The Basilica dei Santi Apostoli in Rome

One could be forgiven if they happened to walk past the Basilica dei Santi Apostoli in Rome and failed to notice it was even a church. This is in large part due to its rather distinctive, two storey portico -- not to mention the fact that there is not much of a street view of the basilica as it sits on a piazza that amounts to little more than a glorified, widened street. Because of this, the bell-tower and the portion of the facade that are recognizably a church are not that easy to see compared to other churches in Rome.  But it is a basilica you should really make a point to visit, for it contains the relics of the apostles Ss. Philip and James the Lesser. 

From looking at the basilica, one would think that it counter-reformation in origins, but in point of fact the basilica, at least in its foundations, goes back to the fourth century: the Basilica Iulia - Titulus Apostolorum (so named because it was built by Pope Julius I.)  

So what happened, you might ask? There are many such churches in Rome that still at least retain some of their earlier Roman character even if counter-reformation and baroque accoutrements were later added on. The answer is that the basilica was destroyed by an earthquake in the year 1348 and then sat derelict until the 1400's. It was at this time that the great portico was erected. Then, in the early 1700's, a total renovation of the basilica was ordered by Pope Clement XI which brings with it its distinctive baroque character. 

The interior of the basilica is thoroughly baroque in its style, however the building's more antique origins  might still be intimated by the presence of a confessio before the altar and sanctuary -- a feature that was typical for earlier Roman churches but not typically seen in counter-reformation foundations. This confessio is modern, constructed in 1837 and it was during the course of the excavations of this ancient crypt that the relics of St. Philip and St. James were rediscovered, having originally been brought to this location in the tenth century from one of the outlying catacombs for their safety and protection.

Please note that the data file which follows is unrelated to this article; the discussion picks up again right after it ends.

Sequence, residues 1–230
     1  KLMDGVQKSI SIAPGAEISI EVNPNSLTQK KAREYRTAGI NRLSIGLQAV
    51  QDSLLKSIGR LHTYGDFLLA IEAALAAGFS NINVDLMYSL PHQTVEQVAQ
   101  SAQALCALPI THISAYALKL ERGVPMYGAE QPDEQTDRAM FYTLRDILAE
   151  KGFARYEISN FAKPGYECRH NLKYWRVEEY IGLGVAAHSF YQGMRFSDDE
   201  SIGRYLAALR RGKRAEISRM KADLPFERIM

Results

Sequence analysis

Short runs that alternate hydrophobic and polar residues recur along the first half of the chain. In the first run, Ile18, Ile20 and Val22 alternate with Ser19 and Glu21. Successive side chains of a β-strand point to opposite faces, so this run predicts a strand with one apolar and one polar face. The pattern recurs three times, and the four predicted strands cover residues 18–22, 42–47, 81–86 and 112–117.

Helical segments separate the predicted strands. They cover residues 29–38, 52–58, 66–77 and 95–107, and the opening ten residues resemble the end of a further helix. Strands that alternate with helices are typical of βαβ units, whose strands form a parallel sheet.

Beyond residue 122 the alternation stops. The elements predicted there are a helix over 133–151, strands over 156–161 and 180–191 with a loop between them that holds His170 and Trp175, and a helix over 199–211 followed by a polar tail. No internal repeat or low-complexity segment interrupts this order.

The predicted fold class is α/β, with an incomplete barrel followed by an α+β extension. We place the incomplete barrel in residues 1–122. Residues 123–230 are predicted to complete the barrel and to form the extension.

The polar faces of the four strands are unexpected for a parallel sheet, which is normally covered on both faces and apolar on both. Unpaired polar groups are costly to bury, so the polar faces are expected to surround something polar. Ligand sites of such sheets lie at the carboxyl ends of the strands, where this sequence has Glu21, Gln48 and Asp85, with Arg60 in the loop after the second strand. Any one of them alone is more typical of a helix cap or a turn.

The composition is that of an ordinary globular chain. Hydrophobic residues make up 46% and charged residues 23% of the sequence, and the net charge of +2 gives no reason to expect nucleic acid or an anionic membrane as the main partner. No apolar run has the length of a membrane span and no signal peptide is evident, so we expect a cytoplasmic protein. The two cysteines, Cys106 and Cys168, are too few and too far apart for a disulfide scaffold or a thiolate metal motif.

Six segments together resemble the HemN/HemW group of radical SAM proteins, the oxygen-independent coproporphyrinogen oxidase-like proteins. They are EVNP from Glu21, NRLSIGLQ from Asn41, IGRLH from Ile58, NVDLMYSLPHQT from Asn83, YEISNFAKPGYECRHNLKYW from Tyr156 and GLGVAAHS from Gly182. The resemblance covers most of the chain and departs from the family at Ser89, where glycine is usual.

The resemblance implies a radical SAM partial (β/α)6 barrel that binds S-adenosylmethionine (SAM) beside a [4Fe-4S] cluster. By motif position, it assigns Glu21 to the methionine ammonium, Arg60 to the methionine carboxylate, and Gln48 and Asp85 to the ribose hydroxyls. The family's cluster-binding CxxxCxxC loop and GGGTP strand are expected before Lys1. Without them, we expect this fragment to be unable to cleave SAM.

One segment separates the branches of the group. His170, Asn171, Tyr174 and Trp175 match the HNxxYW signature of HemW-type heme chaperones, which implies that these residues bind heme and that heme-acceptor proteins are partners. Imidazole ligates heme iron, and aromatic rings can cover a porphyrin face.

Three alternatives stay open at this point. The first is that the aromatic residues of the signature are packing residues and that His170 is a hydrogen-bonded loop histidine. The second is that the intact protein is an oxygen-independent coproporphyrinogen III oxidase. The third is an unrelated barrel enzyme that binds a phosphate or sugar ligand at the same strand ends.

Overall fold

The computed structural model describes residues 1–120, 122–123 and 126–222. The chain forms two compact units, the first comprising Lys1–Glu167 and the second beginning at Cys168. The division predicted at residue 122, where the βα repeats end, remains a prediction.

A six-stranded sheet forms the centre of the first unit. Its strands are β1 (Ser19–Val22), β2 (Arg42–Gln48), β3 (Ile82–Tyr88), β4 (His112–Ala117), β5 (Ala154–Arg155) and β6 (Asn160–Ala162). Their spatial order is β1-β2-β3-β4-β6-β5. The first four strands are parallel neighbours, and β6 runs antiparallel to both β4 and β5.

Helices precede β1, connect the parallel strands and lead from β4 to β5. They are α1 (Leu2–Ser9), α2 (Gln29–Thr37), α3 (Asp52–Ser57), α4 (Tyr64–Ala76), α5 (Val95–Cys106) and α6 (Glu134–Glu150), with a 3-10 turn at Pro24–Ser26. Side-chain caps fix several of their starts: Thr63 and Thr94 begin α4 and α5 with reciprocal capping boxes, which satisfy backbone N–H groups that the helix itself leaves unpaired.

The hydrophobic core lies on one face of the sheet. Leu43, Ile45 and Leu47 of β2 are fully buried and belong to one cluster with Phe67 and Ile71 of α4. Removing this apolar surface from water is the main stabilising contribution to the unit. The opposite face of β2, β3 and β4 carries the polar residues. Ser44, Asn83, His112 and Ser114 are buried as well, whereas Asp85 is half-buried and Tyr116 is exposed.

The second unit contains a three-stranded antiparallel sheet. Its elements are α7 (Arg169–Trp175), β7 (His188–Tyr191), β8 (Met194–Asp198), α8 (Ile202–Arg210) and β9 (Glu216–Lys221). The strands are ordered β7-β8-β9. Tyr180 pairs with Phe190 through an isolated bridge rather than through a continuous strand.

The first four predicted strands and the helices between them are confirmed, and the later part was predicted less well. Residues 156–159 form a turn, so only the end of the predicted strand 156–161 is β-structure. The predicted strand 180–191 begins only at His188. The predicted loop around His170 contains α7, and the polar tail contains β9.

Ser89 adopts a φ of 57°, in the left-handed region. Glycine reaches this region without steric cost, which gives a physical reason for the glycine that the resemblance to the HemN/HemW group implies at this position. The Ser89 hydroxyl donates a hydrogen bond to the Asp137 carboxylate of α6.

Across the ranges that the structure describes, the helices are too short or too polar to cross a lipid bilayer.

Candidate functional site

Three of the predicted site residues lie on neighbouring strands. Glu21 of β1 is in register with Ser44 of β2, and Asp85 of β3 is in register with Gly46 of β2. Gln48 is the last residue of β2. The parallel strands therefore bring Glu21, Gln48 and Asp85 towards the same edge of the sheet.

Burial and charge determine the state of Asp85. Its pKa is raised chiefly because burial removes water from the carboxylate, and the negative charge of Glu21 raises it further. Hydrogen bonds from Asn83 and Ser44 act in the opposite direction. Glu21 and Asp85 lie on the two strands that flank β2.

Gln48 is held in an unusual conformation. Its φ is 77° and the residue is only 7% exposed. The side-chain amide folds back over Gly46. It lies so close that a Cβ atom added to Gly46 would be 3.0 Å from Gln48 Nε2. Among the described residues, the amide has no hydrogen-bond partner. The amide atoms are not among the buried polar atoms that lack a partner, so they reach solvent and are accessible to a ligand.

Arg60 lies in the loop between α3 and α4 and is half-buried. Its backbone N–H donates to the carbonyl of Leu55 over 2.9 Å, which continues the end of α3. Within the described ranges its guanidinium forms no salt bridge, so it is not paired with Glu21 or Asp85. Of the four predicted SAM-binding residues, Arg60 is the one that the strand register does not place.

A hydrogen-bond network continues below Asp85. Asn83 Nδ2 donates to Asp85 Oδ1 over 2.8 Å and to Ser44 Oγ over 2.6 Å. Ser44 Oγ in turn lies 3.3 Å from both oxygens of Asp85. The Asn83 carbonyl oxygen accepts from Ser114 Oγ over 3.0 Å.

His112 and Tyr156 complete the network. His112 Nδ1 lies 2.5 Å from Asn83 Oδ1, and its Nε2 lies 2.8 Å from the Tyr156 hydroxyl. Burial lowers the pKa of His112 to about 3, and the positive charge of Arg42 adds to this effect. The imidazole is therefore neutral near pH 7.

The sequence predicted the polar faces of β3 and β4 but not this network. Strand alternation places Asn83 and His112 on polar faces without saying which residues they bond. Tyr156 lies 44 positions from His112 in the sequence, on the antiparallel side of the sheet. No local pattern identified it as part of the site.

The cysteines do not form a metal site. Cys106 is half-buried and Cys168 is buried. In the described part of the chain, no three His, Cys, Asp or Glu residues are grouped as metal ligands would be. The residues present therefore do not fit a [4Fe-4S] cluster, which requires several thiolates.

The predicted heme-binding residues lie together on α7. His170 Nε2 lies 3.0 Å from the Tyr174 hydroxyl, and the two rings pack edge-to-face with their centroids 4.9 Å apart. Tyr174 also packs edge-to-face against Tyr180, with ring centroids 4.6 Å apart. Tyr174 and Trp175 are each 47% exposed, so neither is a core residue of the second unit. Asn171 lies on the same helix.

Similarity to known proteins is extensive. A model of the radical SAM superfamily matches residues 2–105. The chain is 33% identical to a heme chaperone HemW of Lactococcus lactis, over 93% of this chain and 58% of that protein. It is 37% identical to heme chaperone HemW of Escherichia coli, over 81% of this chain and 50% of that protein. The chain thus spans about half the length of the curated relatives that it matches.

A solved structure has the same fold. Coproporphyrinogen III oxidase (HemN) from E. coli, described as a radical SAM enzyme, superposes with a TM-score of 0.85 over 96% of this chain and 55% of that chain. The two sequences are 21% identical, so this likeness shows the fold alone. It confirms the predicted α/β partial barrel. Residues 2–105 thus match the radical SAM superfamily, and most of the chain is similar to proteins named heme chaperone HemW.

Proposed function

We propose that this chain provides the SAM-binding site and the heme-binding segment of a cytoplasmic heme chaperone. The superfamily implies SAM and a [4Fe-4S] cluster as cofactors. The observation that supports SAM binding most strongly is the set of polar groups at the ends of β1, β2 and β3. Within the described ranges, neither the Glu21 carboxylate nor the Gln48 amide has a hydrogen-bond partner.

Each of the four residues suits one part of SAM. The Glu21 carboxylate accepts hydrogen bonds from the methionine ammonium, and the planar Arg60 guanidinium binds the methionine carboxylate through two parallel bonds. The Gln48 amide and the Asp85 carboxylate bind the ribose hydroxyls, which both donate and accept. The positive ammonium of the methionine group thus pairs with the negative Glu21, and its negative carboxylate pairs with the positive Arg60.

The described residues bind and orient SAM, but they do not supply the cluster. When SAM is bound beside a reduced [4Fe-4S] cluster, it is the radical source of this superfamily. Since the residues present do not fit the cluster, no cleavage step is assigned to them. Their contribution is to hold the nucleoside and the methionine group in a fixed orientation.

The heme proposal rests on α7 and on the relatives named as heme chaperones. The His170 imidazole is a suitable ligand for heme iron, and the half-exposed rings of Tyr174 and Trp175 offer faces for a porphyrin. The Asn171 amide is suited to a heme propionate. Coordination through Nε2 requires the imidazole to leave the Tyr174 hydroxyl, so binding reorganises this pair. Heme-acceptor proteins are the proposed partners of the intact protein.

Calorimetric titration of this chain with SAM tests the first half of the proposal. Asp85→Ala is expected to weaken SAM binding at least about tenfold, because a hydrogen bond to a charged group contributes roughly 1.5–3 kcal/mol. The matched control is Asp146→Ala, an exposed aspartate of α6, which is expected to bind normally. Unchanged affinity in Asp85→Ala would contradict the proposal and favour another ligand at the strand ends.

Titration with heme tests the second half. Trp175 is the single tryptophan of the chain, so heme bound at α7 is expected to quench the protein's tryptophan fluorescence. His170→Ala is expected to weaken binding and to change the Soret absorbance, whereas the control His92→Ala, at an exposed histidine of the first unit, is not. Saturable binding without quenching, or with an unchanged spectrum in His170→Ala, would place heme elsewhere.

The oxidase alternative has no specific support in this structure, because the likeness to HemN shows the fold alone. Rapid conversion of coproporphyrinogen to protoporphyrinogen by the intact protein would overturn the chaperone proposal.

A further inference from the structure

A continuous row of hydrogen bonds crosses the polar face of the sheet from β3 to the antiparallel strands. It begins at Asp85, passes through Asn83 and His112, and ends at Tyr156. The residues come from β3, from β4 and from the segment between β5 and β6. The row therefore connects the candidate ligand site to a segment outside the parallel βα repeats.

The high altar

The confessio

View from within the confessio

If the baroque is not to your own tastes -- architecturally and artistically speaking -- then at very least while you are visiting the relics of Ss. James and Philip, you might find the crypt's decoration to be of some interest. As noted, the crypt was excavated in the nineteenth century and painted works were added in a paleochristian revival style around 1870 by Luigi Caramini, taking their direct inspiration from those found in the catacombs of San Callisto and Domitilla. One will no doubt recognize the style. While the decor is contemporary, peppered throughout the crypt are some ancient sarcophagi, including that of the apostles -- and thus as is so often the case in Rome, if you go into any one church you will find art and archeological objects that span the course of the ages of Christendom (if not also before). 

The tomb of the apostles

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